(Received 9 June 1994; accepted 9 August 1994)
| ||Format||Pages||Price|| |
|PDF Version||4||$25||  ADD TO CART|
Elevations in tryptase, a recently discovered mast cell enzyme, have been proposed as a postmortem indicator of fatal anaphylaxis. The previous studies had limited numbers of controls and thus the specificity of the test with postmortem samples was not known. Therefore, tryptase was evaluated in postmortem blood samples from 49 autopsy cases where there was no evidence of fatal anaphylaxis. The tryptase was above the normal serum threshold of 1 nanogram/mL (ng/mL) in 31 of these cases. Twenty-four cases had values in the 1 to 5 ng/mL range, two cases were between 5 and 10 ng/mL, and five were greater than 10 ng/mL. One autopsy specimen had a tryptase value of 106 ng/mL. The postmortem interval and the specimen storage condition did not appear to correlate with these elevations in tryptase. Although elevations in the postmortem tryptase remain an important supporting finding in the diagnosis of fatal anaphylaxis, it should not be used alone as the sole criterion for the postmortem diagnosis of anaphylaxis.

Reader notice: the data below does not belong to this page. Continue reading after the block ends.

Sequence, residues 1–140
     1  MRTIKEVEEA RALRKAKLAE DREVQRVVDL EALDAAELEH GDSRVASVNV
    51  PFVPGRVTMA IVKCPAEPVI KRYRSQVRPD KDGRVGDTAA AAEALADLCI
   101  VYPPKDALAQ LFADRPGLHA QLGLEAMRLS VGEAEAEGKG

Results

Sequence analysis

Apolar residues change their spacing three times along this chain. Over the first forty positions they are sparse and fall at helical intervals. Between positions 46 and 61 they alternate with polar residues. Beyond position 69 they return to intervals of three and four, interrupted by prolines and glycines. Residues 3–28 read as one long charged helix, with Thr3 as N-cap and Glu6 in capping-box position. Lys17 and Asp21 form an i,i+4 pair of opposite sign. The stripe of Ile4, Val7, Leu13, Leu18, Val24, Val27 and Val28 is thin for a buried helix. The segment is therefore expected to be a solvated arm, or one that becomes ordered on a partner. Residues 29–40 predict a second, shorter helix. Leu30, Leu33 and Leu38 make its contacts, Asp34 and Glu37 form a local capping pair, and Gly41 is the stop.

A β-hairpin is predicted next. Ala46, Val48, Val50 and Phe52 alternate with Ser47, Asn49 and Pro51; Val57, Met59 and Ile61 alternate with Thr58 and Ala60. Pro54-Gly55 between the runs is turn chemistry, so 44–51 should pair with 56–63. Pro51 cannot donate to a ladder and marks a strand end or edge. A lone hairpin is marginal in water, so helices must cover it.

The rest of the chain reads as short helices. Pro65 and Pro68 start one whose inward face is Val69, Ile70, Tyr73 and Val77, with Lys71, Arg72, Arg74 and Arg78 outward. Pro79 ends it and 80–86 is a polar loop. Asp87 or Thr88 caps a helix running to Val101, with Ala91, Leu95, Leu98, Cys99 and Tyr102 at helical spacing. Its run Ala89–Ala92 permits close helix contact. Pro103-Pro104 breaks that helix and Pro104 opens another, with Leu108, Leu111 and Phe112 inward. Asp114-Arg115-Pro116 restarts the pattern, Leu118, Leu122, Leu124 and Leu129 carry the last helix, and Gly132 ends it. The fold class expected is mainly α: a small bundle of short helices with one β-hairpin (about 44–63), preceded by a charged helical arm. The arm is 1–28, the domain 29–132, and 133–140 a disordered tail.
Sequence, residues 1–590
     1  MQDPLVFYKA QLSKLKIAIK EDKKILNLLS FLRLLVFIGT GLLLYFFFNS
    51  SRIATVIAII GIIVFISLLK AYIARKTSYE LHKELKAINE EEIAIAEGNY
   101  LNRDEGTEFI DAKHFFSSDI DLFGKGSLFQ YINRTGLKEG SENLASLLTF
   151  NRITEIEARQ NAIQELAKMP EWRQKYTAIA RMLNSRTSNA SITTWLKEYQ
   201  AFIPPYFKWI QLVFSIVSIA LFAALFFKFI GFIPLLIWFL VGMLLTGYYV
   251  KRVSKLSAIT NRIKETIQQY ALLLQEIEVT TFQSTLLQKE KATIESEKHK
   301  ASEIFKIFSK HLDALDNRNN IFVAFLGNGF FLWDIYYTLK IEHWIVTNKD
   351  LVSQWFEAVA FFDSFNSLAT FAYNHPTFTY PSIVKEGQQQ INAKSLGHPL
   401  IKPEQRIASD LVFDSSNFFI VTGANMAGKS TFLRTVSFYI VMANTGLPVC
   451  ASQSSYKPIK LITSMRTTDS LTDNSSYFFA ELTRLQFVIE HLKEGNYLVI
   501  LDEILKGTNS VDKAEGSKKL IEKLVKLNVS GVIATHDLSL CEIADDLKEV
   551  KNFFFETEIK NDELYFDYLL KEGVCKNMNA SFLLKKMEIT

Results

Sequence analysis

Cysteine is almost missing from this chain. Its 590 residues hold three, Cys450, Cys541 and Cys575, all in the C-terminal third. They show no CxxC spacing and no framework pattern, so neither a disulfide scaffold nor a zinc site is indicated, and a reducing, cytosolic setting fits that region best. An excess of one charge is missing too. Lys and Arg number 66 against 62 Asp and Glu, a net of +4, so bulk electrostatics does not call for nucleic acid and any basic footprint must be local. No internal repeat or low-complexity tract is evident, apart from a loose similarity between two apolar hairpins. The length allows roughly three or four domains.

Forensic Pathologist, Laboratory of Clinical Medicine, Sioux Falls, P.C.
Laboratory Director, IBT Reference Lab, Lenexa, KS
Chief Medical Examiner, Chapel Hill, NC
Stock #: JFS15343J